Computed Tomography scans (also
known as CT or CAT scans) use special X-ray equipment
to obtain information from different angles around
the body. The computer takes the data and creates
a visual image of each slice of information. The radiologist
is able to review the slices of information in sequence,
which creates a two-dimensional image of the inside
of your body. CT imaging is particularly useful because
it can show several types of tissue - lung, bone,
tissue, and blood vessels with great clarity. CT
helps the radiologists diagnose problems such as cancers,
cardiovascular disease, infectious disease, trauma
and musculoskeletal disorders.
What Should I Expect?
During the exam you will lie on a table that will move you into the doughnut-shaped
scanner. Your technologist will watch you through
observation window and will be able to communicate
with you at all times. During the exam, you will
hear humming, buzzing, or clicking sounds as the
moves to reposition you for additional images.
CT scans are painless, but some exams require injection
contrast agent. Remaining still is very important
in order to obtain clear images.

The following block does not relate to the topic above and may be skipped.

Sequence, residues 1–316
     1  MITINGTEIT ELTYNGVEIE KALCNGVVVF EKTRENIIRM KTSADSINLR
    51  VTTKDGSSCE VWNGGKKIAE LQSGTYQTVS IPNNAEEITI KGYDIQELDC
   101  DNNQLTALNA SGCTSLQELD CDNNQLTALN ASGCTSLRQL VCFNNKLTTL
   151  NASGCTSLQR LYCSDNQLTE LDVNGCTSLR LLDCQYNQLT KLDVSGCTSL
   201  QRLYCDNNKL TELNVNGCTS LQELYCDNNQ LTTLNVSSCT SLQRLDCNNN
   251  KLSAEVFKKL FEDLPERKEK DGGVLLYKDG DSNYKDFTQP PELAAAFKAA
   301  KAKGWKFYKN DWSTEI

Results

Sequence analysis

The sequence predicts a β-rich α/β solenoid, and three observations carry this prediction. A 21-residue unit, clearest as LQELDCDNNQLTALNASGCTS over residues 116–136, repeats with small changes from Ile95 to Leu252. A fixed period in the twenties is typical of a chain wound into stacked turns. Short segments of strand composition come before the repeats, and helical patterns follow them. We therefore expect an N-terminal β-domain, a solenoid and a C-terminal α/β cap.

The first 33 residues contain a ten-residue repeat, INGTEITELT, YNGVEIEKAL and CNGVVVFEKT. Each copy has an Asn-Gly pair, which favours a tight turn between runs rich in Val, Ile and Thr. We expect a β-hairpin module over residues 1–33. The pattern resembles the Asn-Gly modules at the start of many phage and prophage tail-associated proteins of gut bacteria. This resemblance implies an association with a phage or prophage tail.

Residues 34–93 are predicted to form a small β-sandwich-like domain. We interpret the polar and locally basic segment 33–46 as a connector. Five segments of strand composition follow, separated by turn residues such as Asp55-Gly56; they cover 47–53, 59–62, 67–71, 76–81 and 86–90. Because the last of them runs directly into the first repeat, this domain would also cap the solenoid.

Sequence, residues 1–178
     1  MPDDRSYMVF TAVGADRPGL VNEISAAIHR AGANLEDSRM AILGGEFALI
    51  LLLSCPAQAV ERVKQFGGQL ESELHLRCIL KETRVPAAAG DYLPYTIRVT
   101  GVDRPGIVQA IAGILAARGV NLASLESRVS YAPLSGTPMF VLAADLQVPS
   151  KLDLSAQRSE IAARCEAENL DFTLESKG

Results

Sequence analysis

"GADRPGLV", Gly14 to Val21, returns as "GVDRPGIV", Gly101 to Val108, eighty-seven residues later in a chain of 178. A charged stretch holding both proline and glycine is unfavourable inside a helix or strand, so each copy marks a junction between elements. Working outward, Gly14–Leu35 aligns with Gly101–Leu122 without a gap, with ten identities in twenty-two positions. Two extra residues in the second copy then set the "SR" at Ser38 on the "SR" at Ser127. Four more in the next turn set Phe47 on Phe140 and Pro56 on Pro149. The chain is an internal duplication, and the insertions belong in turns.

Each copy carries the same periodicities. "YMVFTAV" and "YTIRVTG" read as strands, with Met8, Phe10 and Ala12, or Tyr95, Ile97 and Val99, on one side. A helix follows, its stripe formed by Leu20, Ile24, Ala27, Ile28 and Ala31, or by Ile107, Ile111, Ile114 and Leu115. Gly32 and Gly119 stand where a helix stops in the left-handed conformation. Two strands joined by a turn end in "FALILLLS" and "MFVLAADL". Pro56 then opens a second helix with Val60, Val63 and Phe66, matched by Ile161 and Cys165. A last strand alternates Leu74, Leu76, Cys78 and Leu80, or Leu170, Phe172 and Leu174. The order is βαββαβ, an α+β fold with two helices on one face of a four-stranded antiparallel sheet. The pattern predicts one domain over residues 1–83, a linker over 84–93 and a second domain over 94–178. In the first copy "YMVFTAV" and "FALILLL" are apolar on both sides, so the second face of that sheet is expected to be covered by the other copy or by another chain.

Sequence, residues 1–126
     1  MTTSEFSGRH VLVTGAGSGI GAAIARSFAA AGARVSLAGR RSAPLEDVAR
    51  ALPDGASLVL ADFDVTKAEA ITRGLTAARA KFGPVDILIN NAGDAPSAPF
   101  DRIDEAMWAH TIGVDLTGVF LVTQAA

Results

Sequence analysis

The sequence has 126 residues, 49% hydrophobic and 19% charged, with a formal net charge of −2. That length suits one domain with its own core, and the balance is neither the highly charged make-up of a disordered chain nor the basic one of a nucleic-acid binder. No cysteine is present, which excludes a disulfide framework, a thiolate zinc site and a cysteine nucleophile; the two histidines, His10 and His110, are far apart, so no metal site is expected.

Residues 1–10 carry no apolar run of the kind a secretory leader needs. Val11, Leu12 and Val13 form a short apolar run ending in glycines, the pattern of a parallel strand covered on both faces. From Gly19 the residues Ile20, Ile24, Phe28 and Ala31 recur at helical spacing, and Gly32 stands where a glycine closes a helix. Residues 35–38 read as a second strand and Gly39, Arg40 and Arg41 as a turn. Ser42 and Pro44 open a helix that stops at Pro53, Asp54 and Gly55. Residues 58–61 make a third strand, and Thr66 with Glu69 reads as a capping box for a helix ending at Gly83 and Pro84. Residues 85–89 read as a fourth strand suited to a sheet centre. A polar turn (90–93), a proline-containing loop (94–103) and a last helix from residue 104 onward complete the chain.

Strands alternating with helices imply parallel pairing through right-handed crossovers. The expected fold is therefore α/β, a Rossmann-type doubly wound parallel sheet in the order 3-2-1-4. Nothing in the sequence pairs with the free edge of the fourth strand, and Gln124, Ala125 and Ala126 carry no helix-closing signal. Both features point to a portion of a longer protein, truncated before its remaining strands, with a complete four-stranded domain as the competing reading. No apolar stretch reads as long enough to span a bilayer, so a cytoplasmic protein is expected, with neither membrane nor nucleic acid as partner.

When scanning is
the technologist will return to help you from
You may eat normal meals unless other tests are
scheduled. To help eliminate contrast agents from
it is best to drink plenty of fluids following
Your exam will take about 30 minutes, after which
you will be able to return to your normal activities.
How Should I Prepare?
Before some exams, you may be asked to avoid normal eating or drinking
for a period of time. You should continue medications
by your doctor unless informed otherwise. Diabetic
patients may need to delay their medication until
after they have eaten in order to avoid an insulin
You may be asked to wear a hospital gown and
may have to remove items such as glasses, jewelry,
hearing aids, etc. Women should always inform
their technologist if there is any possibility of pregnancy.
Why do some CT procedures require an injection
CT contrast is an organically bound iodine material that is used to
abnormalities easier to see. We use only non-ionic
contrast (the safest kind), but with all contrast
agents there is some potential for allergic reaction.
to tell your technologist if you've had a reaction
to contrast in the past or if you are particularly
sensitive to medications. If you take Glucophage,
Glucovance, or any other type of metform in medication
your diabetes, you will need to stop taking
it for 48 hours after your exam.
How Do I Get the Results?
After your study is over, a radiologist will review and evaluate
Both a preliminary and final report will
be sent to your doctor, who can then discuss the results
with you in detail. Often, for more immediate
our radiologists will speak directly with
physician to discuss the result of the imaging
At any time before or after your procedure,
our radiologists are happy to
one-on-one consultations with you.